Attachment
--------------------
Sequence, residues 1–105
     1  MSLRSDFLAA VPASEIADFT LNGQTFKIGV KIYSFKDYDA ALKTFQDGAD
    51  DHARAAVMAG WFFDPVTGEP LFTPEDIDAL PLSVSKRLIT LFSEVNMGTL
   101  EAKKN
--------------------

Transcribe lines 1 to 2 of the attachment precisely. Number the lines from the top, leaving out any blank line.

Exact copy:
Sequence, residues 1–105
     1  MSLRSDFLAA VPASEIADFT LNGQTFKIGV KIYSFKDYDA ALKTFQDGAD